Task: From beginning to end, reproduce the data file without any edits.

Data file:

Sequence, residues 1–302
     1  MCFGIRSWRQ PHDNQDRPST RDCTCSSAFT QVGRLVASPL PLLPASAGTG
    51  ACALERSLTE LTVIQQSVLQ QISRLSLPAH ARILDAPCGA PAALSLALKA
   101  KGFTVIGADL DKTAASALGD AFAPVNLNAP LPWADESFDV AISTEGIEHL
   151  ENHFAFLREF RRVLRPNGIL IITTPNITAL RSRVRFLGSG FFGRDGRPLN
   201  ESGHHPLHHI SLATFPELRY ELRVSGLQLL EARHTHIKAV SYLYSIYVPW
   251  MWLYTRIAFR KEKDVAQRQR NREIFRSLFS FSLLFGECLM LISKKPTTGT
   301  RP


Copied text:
Sequence, residues 1–302
     1  MCFGIRSWRQ PHDNQDRPST RDCTCSSAFT QVGRLVASPL PLLPASAGTG
    51  ACALERSLTE LTVIQQSVLQ QISRLSLPAH ARILDAPCGA PAALSLALKA
   101  KGFTVIGADL DKTAASALGD AFAPVNLNAP LPWADESFDV AISTEGIEHL
   151  ENHFAFLREF RRVLRPNGIL IITTPNITAL RSRVRFLGSG FFGRDGRPLN
   201  ESGHHPLHHI SLATFPELRY ELRVSGLQLL EARHTHIKAV SYLYSIYVPW
   251  MWLYTRIAFR KEKDVAQRQR NREIFRSLFS FSLLFGECLM LISKKPTTGT
   301  RP